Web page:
enter image description hereI was wondering if there has been any usability research on the shape of form fields. I'm mainly interested if using the line form field popularized in material design introduces any usability issues.

My gut tells me older, less savvy users might not see the lines as fields and I'm curious to see if anyone has seen any effect on conversion rate?


  • My gut agrees with you. Can we not simply standardize some things and let them alone? Why must we keep changing simple and obvious things just to look cool? Computers are not cool. UIs are not beautiful: they are to get things done. Hammers are still sticks with grey steel lumps on the end, and nobody minds at all. – user67695 Dec 15 '16 at 14:46

I've tried both with a different user group and different product. What I found out was people who perform formal transaction like online banking, paying bills and even government related transaction, feels much comfortable with boxes. When the same group perform a form fill for something casual, the lines (only with label re-appear on top of the fill once user tap,click,input, interact) works and it keeps the layout rather clean.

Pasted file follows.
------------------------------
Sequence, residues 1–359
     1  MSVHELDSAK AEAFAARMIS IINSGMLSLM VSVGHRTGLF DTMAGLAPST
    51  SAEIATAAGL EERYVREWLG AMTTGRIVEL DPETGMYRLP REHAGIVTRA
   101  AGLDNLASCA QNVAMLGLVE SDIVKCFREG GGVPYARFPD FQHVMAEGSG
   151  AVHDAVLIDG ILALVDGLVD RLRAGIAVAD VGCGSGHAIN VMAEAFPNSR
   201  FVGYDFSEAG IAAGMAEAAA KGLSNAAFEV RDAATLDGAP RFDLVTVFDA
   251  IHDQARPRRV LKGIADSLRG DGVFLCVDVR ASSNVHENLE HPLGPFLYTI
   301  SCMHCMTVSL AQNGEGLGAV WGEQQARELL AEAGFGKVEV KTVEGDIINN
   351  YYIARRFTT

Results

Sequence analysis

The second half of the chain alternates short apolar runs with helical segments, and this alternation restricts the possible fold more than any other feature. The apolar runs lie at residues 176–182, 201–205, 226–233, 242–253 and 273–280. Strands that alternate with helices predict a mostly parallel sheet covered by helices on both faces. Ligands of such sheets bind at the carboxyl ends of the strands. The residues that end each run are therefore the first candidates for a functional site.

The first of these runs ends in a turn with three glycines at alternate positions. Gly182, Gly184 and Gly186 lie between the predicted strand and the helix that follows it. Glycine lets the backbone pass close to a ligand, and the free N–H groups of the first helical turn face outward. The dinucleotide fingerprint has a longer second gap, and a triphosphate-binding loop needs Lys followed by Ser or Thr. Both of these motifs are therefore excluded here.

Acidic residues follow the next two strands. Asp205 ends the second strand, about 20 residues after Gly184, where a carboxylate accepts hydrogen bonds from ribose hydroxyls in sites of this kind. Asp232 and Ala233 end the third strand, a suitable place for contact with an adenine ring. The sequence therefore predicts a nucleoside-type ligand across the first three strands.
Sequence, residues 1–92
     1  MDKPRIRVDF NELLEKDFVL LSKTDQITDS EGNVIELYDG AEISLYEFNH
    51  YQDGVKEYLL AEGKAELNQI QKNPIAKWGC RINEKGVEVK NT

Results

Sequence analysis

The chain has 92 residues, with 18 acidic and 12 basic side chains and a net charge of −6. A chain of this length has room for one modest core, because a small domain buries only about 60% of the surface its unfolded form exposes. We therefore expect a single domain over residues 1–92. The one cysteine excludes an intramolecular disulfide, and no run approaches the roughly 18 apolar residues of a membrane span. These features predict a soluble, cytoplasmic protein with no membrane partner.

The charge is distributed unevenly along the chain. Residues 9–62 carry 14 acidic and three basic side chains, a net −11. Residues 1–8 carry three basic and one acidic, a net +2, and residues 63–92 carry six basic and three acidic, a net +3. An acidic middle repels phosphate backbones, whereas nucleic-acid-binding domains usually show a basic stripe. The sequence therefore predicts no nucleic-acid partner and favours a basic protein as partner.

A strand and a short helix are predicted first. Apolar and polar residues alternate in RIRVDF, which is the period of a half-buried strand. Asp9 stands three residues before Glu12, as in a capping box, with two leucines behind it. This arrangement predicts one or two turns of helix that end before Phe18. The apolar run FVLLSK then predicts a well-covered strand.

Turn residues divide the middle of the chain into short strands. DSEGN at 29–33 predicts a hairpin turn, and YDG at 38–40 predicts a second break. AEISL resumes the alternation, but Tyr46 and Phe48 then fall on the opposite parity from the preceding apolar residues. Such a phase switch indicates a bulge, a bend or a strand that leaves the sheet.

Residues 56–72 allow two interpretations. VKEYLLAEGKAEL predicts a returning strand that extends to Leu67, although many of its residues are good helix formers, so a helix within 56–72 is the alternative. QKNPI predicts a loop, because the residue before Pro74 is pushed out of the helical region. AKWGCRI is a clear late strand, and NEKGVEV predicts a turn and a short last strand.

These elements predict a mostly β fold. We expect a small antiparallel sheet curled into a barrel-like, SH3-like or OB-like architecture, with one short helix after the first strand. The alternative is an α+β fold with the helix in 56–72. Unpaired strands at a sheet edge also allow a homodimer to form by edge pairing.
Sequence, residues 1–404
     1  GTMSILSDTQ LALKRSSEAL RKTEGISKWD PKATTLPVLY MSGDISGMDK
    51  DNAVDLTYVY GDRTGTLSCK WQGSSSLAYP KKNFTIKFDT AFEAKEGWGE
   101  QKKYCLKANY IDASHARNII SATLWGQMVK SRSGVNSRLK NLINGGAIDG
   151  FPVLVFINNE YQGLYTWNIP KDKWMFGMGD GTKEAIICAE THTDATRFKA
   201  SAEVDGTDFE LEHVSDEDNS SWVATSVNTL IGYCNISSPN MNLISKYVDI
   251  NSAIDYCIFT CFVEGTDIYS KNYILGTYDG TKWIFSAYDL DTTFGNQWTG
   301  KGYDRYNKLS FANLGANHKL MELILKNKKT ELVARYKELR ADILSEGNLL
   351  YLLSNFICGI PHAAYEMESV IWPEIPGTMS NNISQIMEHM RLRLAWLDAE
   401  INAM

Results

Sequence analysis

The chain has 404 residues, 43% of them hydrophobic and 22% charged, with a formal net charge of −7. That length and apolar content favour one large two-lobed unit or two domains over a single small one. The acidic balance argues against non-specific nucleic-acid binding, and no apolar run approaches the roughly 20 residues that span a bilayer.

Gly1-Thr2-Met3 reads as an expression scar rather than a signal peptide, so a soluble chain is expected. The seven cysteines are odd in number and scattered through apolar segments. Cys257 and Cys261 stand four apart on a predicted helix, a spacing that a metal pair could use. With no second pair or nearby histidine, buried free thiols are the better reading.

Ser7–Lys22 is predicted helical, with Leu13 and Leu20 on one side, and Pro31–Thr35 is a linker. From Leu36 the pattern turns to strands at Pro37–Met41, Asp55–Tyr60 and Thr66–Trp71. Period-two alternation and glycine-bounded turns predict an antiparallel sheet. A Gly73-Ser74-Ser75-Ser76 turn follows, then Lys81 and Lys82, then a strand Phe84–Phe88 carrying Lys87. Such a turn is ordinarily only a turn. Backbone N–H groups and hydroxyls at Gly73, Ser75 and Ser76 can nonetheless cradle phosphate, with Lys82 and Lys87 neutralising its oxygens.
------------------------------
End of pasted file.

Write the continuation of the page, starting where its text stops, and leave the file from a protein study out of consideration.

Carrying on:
As stated by Nielsen Norman Group, flat design has a smaller user efficiency enter link description here

For usability it is best to keep labels always visible. Flat design can be more esthetic pleasing and provide a clean form. However, the user is forced to pay extra attention for recognizing text-fields from static text.

The 'swap label' option balances between both options.

enter image description here

  • For something that we will have to do often for the rest of our lives (use computer forms) please can we just make it clean and bone-obvious what to do? That means: once it works, don't change how it looks. It has been working for a long time now, so it's ready. – user67695 Dec 15 '16 at 14:48

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